After the promising start of demonstrating the robustness and generalization of their software, the “next major frontier in AI for mammography is effective clinical deployment and achieving real-world impact on women’s lives,” Dr. Lotter says. “We are fortunate to have a unique opportunity to do so, as we have recently been acquired by a company called RadNet, the largest outpatient imaging services provider in the U.S. RadNet performs over one million mammograms per year across hundreds of diverse sites. Together, we truly do have an opportunity to realize the potential of AI for screening mammography. As a step in this process, we are currently in the midst of obtaining FDA clearance for further validation of our products.”
Beyond mammography, DeepHealth envisions that their deep learning model architectures and algorithms can be used for many medical imaging domains where subtle lesions and high-dimensional data are common challenges.
As for increasing access to medical screening, the company also seeks to demonstrate consistent performance across populations. “This aspect is a top priority for us, and our results so far are promising,” he says. In addition to showing that their software performs well on women who received mammograms at a collaborating Chinese hospital, they have also found that their software exhibits similar performance among Black and white women in New York City. These findings were recently presented at the Radiological Society of North America annual meeting.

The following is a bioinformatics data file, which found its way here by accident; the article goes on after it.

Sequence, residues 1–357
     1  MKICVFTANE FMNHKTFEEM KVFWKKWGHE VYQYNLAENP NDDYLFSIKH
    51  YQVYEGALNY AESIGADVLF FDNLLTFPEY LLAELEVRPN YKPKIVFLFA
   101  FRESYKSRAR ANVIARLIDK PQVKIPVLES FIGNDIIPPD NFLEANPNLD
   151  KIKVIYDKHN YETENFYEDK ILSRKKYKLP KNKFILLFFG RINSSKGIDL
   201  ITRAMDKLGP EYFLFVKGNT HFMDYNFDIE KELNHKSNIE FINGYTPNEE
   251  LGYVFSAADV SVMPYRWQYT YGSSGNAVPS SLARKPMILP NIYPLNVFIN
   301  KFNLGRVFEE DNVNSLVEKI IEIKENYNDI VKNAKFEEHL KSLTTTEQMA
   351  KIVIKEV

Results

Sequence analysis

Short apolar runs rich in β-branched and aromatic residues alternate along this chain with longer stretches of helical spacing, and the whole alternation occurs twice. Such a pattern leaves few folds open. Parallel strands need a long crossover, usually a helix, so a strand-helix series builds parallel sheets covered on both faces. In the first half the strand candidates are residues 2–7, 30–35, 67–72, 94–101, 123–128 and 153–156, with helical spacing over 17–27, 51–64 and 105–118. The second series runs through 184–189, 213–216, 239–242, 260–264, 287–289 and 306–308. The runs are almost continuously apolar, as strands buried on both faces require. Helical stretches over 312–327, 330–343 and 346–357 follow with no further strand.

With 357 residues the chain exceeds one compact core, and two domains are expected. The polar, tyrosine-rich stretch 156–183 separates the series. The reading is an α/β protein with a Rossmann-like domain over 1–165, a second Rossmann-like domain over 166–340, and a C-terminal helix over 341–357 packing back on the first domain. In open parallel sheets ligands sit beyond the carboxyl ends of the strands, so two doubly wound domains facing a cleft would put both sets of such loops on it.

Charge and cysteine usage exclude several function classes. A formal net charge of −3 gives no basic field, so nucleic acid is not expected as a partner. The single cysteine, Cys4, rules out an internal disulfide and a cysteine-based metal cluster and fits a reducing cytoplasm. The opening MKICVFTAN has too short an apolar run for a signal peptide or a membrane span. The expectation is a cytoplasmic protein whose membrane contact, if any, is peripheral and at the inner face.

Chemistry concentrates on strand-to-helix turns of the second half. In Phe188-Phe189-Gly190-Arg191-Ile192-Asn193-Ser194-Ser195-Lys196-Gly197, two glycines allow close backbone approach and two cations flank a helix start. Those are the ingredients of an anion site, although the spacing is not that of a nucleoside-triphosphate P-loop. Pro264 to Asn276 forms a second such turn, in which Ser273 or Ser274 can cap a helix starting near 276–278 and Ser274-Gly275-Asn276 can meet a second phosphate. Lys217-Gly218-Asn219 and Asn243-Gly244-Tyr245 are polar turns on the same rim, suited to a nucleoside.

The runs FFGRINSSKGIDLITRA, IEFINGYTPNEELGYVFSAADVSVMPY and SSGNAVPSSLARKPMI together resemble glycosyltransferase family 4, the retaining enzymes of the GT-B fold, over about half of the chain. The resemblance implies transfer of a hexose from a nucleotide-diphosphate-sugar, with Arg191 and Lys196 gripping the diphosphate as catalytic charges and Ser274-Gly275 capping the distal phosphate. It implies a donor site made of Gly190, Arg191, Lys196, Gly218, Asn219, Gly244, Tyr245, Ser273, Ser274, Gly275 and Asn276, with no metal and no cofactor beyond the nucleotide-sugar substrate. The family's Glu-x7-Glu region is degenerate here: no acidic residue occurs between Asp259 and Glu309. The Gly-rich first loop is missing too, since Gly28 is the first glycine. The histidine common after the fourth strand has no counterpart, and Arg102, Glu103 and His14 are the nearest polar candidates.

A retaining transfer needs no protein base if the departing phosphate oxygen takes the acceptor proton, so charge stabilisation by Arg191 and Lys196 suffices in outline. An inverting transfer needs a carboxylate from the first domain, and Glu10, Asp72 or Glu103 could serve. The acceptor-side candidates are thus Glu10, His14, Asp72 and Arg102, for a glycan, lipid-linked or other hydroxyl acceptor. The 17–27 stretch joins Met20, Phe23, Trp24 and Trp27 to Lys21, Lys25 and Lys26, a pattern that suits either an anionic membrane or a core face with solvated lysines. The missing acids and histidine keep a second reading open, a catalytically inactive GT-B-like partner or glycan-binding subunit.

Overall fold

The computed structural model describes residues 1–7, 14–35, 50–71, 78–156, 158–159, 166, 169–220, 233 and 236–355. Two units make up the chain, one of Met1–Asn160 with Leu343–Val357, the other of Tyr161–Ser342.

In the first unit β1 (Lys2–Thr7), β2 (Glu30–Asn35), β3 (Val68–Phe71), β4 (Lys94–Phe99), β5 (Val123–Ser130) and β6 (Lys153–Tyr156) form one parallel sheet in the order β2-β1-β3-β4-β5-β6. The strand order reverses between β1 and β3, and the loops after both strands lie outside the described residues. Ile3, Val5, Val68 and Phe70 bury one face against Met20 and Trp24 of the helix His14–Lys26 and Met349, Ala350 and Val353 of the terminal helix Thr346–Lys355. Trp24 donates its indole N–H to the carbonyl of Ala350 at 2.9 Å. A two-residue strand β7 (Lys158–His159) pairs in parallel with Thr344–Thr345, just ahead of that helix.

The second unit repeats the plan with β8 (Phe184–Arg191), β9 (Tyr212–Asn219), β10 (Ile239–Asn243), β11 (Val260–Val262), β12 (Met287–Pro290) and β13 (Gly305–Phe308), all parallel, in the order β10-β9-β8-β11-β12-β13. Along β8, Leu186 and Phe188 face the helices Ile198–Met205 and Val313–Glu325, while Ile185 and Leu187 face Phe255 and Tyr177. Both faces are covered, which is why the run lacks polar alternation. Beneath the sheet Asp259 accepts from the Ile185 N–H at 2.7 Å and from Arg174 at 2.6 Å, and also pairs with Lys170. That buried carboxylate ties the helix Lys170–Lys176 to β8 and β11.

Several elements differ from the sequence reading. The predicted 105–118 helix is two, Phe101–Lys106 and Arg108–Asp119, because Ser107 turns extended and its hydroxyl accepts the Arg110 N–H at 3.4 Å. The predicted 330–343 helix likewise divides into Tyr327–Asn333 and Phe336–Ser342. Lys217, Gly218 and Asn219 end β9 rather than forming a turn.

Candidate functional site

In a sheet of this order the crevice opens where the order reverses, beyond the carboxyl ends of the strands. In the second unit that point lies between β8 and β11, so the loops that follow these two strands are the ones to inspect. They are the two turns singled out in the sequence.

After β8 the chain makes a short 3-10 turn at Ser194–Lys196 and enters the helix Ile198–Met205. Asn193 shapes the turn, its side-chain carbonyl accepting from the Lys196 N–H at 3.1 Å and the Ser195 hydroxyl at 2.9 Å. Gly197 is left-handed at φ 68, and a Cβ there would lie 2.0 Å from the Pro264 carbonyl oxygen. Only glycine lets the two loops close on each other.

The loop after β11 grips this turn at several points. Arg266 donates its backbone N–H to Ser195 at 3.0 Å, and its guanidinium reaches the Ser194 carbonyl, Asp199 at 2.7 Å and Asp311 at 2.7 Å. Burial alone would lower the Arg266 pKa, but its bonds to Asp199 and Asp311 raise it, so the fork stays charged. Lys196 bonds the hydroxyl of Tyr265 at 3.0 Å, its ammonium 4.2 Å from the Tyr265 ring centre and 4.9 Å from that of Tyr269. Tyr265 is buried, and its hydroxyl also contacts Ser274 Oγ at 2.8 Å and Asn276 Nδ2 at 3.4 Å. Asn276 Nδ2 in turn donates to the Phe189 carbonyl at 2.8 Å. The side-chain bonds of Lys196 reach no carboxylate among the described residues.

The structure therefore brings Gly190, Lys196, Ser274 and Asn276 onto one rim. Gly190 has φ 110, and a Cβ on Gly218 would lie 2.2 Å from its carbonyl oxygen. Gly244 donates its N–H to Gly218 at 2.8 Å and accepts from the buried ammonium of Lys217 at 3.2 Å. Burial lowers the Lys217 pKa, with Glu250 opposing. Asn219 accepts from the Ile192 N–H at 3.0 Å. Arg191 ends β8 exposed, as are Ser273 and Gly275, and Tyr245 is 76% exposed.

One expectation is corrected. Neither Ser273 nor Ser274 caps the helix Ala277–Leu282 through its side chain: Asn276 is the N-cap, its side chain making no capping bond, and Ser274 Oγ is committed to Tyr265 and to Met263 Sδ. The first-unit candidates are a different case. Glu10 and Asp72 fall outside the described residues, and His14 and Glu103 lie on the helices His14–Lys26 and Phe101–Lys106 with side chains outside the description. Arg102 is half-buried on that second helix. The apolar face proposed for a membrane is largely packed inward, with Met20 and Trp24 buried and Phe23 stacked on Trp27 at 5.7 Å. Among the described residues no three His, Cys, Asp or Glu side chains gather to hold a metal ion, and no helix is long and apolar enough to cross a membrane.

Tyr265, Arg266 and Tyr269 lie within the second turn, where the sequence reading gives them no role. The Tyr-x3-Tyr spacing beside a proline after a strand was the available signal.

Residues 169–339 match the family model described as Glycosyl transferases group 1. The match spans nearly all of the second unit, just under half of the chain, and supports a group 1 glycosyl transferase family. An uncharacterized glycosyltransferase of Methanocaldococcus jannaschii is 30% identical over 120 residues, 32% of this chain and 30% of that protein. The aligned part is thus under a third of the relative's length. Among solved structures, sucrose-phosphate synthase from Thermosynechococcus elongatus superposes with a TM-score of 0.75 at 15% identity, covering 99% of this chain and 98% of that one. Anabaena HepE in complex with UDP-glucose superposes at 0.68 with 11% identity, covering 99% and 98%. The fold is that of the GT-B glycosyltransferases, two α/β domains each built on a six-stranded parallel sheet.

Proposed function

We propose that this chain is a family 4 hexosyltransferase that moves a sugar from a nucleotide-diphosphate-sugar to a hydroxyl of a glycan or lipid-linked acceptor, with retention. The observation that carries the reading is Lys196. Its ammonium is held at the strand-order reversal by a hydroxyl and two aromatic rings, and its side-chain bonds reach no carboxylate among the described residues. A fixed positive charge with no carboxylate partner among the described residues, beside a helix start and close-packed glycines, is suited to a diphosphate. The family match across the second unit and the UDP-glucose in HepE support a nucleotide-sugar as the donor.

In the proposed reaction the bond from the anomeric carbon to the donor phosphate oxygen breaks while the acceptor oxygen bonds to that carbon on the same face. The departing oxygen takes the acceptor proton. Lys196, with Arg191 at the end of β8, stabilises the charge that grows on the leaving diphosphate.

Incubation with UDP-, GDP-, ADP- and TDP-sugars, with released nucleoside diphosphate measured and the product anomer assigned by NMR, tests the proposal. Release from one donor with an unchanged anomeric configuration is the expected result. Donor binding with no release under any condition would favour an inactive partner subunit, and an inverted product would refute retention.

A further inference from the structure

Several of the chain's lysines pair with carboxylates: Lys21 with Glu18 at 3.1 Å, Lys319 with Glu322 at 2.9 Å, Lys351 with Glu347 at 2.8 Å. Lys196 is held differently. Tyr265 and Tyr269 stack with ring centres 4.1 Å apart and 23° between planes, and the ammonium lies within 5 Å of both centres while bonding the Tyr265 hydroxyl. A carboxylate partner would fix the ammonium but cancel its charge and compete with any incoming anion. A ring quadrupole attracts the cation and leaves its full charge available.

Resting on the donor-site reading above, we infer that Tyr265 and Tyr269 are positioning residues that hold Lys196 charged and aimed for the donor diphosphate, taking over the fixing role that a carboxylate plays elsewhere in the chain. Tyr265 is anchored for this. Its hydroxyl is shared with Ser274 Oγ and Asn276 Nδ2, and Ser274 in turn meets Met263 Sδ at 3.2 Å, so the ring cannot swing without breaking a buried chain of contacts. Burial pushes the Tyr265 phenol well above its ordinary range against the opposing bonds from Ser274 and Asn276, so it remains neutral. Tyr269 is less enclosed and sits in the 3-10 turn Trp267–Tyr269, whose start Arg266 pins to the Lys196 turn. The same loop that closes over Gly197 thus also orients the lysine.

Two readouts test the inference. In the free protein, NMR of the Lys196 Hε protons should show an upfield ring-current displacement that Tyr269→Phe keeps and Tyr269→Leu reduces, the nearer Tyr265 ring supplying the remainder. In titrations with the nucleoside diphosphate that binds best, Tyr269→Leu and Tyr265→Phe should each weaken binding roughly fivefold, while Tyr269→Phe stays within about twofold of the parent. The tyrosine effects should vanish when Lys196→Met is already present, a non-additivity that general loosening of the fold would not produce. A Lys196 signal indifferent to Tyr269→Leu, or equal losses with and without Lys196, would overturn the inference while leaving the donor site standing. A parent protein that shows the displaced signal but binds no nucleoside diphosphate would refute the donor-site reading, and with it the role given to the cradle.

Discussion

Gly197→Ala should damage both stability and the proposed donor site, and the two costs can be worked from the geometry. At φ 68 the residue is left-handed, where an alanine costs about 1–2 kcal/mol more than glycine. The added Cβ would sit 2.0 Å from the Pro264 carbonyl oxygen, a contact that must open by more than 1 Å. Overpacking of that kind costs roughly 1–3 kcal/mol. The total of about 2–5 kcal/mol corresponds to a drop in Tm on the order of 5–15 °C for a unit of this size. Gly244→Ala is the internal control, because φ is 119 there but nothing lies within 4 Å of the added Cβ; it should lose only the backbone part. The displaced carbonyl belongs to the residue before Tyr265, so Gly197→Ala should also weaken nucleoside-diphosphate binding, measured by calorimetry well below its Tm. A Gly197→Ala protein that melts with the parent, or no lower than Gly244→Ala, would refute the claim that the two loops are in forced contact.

“Verifying equitable performance is an ongoing goal, but our results so far are encouraging and point to the potential of the software in making screening more accessible and accurate for all women.”